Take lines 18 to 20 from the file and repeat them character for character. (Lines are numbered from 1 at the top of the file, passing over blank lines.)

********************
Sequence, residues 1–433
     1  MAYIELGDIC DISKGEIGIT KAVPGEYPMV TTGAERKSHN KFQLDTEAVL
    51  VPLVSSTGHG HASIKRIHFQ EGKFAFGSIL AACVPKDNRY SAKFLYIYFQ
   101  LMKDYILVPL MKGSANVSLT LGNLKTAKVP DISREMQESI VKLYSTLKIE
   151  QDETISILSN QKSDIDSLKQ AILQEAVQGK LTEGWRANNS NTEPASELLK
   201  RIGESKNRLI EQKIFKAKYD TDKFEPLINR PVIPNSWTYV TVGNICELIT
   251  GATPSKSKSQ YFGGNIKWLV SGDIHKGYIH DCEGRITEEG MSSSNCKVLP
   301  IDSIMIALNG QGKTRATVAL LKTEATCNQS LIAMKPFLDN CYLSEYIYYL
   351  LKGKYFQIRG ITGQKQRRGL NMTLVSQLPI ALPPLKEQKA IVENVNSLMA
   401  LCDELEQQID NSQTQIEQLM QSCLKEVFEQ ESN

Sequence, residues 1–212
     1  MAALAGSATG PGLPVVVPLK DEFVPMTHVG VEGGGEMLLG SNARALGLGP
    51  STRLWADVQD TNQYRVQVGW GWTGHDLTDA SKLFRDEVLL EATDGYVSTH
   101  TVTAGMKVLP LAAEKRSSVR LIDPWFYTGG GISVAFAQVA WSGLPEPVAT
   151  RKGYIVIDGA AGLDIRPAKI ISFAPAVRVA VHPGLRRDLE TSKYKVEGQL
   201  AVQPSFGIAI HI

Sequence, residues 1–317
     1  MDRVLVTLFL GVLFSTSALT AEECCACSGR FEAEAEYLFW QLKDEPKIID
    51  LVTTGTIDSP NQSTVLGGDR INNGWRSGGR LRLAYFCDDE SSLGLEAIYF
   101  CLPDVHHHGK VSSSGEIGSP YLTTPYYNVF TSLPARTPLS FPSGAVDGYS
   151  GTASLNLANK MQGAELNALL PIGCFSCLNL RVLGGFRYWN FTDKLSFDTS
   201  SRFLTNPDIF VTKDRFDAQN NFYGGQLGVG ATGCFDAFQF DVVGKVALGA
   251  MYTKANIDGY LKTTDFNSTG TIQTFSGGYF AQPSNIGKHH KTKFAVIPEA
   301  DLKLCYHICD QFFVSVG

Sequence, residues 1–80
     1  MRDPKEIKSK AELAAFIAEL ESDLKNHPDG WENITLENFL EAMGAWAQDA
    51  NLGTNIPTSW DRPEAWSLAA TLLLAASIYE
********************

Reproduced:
     1  MDRVLVTLFL GVLFSTSALT AEECCACSGR FEAEAEYLFW QLKDEPKIID
    51  LVTTGTIDSP NQSTVLGGDR INNGWRSGGR LRLAYFCDDE SSLGLEAIYF
   101  CLPDVHHHGK VSSSGEIGSP YLTTPYYNVF TSLPARTPLS FPSGAVDGYS